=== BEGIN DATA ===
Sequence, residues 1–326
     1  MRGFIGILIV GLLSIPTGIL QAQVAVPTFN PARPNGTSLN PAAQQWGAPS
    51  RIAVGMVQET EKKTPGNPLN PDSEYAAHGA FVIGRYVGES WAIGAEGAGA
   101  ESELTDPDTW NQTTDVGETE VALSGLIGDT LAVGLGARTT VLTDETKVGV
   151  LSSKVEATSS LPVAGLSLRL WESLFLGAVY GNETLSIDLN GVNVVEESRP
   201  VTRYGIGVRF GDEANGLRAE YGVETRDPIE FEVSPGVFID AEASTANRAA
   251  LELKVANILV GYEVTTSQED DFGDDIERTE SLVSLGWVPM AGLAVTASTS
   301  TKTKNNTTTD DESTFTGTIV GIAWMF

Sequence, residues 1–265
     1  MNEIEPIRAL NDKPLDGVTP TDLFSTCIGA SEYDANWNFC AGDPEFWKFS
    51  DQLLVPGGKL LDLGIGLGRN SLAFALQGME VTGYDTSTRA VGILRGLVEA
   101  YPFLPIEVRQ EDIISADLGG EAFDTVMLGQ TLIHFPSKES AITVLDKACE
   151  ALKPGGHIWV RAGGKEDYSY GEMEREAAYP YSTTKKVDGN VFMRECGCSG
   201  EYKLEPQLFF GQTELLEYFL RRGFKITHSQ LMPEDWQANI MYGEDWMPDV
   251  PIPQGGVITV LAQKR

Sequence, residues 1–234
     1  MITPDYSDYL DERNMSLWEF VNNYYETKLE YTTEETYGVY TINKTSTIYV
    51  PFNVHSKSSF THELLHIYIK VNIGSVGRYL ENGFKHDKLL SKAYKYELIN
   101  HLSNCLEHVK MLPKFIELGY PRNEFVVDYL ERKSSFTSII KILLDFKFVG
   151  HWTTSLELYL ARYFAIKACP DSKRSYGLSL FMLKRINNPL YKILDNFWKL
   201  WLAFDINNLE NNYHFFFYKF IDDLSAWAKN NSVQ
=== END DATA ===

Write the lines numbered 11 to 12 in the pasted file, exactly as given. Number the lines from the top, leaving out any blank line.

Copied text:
    51  DQLLVPGGKL LDLGIGLGRN SLAFALQGME VTGYDTSTRA VGILRGLVEA
   101  YPFLPIEVRQ EDIISADLGG EAFDTVMLGQ TLIHFPSKES AITVLDKACE